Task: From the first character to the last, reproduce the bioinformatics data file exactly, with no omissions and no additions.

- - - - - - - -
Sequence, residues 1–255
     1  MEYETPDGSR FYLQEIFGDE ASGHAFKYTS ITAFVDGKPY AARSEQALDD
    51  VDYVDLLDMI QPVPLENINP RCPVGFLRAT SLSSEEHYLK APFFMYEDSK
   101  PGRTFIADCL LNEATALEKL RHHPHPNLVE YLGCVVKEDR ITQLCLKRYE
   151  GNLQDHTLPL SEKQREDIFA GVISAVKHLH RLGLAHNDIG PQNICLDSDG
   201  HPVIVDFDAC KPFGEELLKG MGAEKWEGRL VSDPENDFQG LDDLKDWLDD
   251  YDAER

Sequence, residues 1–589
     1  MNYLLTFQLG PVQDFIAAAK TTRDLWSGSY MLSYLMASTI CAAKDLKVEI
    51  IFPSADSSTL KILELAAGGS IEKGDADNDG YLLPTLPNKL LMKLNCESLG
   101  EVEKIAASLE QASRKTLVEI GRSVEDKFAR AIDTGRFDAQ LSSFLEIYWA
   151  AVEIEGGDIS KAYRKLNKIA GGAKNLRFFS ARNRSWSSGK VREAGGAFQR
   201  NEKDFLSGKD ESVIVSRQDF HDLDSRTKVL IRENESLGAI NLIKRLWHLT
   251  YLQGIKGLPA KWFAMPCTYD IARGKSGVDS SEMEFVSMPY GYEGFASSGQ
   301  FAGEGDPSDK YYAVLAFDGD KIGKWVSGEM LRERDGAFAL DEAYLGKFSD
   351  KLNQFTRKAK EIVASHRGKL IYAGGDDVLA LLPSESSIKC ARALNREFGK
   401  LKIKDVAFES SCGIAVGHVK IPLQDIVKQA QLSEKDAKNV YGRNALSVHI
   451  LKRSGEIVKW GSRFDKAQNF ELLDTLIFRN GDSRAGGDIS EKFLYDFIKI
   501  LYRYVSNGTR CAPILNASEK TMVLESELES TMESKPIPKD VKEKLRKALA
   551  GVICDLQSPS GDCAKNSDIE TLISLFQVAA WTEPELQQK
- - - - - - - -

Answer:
Sequence, residues 1–255
     1  MEYETPDGSR FYLQEIFGDE ASGHAFKYTS ITAFVDGKPY AARSEQALDD
    51  VDYVDLLDMI QPVPLENINP RCPVGFLRAT SLSSEEHYLK APFFMYEDSK
   101  PGRTFIADCL LNEATALEKL RHHPHPNLVE YLGCVVKEDR ITQLCLKRYE
   151  GNLQDHTLPL SEKQREDIFA GVISAVKHLH RLGLAHNDIG PQNICLDSDG
   201  HPVIVDFDAC KPFGEELLKG MGAEKWEGRL VSDPENDFQG LDDLKDWLDD
   251  YDAER

Sequence, residues 1–589
     1  MNYLLTFQLG PVQDFIAAAK TTRDLWSGSY MLSYLMASTI CAAKDLKVEI
    51  IFPSADSSTL KILELAAGGS IEKGDADNDG YLLPTLPNKL LMKLNCESLG
   101  EVEKIAASLE QASRKTLVEI GRSVEDKFAR AIDTGRFDAQ LSSFLEIYWA
   151  AVEIEGGDIS KAYRKLNKIA GGAKNLRFFS ARNRSWSSGK VREAGGAFQR
   201  NEKDFLSGKD ESVIVSRQDF HDLDSRTKVL IRENESLGAI NLIKRLWHLT
   251  YLQGIKGLPA KWFAMPCTYD IARGKSGVDS SEMEFVSMPY GYEGFASSGQ
   301  FAGEGDPSDK YYAVLAFDGD KIGKWVSGEM LRERDGAFAL DEAYLGKFSD
   351  KLNQFTRKAK EIVASHRGKL IYAGGDDVLA LLPSESSIKC ARALNREFGK
   401  LKIKDVAFES SCGIAVGHVK IPLQDIVKQA QLSEKDAKNV YGRNALSVHI
   451  LKRSGEIVKW GSRFDKAQNF ELLDTLIFRN GDSRAGGDIS EKFLYDFIKI
   501  LYRYVSNGTR CAPILNASEK TMVLESELES TMESKPIPKD VKEKLRKALA
   551  GVICDLQSPS GDCAKNSDIE TLISLFQVAA WTEPELQQK